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The court of equity protects the necessitous by looking through form to the substance of the transaction. Although no set criterion has been established, the controlling factor in determining whether a deed absolute on its face should be deemed a mortgage is the intention of the parties. Such intention may be gathered from the circumstances attending the transaction including the conduct and relative economic positions of the parties and the value of the property in relation to the price fixed in the alleged sale. Under Michigan law, it is well settled that the adverse financial condition of the grantor, coupled with the inadequacy of the purchase price for the property, is sufficient to establish a deed absolute on its face to be a mortgage.
Helen Koenig brought an action against Stanley R. Van Reken, Harriett E. Van Reken and Michigan National Bank seeking a judgment declaring a deed executed by her to defendants Van Reken to be an equitable mortgage, or money damages for unjust enrichment. Koenig alleged that she was delinquent in her real estate taxes and was facing foreclosure on one of the three mortgages encumbering her home. Koenig further alleged that she executed the warranty deed to the home, along with a lease-repurchase option, in the belief that Stanley Van Reken would, for a fee of 10%, "service" the mortgages and pay the delinquent taxes. In 1972, Koenig defaulted in the monthly rental payment due under the lease, and she was evicted from the home by defendants. In response to Koenig’s complaint, defendants Van Reken moved for summary judgment on the ground that Koenig had failed to state a claim upon which relief could be granted. Koenig appealed only the dismissal of the equitable mortgage count.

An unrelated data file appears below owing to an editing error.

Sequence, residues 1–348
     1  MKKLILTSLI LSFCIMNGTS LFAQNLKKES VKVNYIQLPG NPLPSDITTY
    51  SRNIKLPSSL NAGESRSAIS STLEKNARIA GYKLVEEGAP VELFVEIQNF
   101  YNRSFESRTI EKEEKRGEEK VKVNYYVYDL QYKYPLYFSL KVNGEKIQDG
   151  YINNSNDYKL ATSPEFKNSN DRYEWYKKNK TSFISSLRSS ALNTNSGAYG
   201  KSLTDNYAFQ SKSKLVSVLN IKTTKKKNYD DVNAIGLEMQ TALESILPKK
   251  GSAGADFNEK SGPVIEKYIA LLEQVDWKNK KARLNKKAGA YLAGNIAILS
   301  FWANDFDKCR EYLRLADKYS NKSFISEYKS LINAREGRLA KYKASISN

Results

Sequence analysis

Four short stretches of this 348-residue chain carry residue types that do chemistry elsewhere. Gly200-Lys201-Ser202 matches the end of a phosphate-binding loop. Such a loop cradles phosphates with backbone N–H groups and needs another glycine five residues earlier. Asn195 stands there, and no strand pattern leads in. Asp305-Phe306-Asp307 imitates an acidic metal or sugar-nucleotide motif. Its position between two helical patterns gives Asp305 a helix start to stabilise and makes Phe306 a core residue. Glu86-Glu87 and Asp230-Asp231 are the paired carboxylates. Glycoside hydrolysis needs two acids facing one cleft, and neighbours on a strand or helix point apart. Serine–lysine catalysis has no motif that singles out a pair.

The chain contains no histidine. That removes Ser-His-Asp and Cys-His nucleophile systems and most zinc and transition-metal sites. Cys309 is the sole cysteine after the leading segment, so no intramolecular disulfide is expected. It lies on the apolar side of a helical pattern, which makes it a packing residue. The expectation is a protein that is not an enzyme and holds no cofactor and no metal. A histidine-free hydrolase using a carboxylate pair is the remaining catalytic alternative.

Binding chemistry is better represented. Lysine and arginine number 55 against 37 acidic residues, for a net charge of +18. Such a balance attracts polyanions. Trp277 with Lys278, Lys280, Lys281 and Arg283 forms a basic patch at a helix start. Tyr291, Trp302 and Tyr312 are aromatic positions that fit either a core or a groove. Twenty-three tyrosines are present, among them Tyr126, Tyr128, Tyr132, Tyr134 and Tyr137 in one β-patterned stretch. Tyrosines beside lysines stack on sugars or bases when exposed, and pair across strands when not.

Did the trial court, under GCR 1963, 117.2(1), properly dismiss the action regarding the imposition of an equitable mortgage?
The court reversed, holding that the agreement impermissibly circumvented the right to redeem, which was required to protect parties such as the grantor in times of financial crisis. The court noted that Koenig, while in severe financial distress, sought help from defendants Van Reken to save her home from foreclosure, but didn't really intend for the conveyance to be final. Moreover, while financial embarrassment of Koenig and inadequacy of consideration did not provide an infallible test, they were an indication that the parties did not consider the conveyance to have been absolute.